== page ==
Haslam’s Books is a vestige of old Florida, the Florida of flat strip malls built near interstate off-ramps with large signs announcing to travelers of the bargains to be found inside. Fading paint heralds its history: “Florida’s Largest Book Store” and “Over 100,000 titles from 'A' to 'Izzard.'” There's no cafe serving espressos, no Wi-Fi. Haslam’s charm is that it is, unabashedly, what it has always been, a repository for new and used books: It has remained unchanged despite the shift to a more slick and manufactured retail experience.
Flamingo-pink handrails, coughing air-conditioning units, exposed phosphorescent lights, poster-sized book covers from the nineteen-eighties, classical music piped through taupe speakers, wood laminate shelving, two cats roaming the aisles (Beowolf and Tea Cup), checkered linoleum floors: Haslam’s Books is old-school Florida.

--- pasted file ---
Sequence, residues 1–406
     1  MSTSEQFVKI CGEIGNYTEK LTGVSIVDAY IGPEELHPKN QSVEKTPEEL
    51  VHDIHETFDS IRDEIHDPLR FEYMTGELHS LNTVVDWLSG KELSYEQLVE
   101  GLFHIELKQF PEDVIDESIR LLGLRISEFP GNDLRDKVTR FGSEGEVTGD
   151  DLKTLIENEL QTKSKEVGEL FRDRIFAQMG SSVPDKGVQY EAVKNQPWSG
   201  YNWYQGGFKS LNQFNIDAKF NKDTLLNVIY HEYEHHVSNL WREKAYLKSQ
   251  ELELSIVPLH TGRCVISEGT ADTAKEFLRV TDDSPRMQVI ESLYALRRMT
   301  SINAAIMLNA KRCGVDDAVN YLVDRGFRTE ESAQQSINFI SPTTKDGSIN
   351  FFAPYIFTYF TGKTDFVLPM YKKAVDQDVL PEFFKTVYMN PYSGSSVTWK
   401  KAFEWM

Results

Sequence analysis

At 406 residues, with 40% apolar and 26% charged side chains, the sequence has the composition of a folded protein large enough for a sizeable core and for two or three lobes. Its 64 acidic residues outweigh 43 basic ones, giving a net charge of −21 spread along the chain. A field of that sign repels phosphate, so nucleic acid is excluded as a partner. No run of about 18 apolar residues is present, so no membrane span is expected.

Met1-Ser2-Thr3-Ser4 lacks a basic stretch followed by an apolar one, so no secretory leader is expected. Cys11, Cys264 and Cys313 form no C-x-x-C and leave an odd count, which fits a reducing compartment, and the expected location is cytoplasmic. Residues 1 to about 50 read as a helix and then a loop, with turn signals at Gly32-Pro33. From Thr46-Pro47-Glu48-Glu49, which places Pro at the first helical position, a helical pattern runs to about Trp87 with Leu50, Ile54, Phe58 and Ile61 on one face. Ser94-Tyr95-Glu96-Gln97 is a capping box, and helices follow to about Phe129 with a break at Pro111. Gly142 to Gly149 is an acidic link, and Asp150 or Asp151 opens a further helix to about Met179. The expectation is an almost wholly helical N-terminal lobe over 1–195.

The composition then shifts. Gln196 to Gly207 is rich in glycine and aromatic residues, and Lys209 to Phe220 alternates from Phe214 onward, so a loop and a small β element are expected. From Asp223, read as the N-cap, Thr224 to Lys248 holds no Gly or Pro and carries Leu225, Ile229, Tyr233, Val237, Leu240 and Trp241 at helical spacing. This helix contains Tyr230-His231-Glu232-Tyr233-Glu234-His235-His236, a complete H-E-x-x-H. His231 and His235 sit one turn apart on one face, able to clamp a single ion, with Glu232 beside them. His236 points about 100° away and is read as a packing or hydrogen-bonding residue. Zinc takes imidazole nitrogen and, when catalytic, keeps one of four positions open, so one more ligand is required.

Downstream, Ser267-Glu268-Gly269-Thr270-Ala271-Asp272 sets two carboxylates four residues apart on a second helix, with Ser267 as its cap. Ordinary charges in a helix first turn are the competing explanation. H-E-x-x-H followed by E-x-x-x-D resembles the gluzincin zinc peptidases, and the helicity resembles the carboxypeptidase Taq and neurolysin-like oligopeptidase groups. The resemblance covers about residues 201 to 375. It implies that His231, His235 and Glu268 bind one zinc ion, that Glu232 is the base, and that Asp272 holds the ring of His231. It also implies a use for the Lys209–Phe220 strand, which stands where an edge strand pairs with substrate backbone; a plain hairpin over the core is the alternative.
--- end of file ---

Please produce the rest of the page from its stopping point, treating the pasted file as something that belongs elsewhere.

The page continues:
But here you can retire for hours to its quiet nooks. The ambiance is more library than retail and Haslam’s takes you back to a time when going to the bookstore was a treat, an all-day affair. Used books mingle with new works and you can often find the unexpected or forgotten juxtaposed with the modern.
And Haslam’s has its history. For those of us who grew up here, it is an institution. I walked in behind an older gentleman who paused to announce to his friend, “My goodness, I haven’t been here in twenty years. It hasn’t changed!” And then they walked off, presumably, to reclaim a little bit of his past.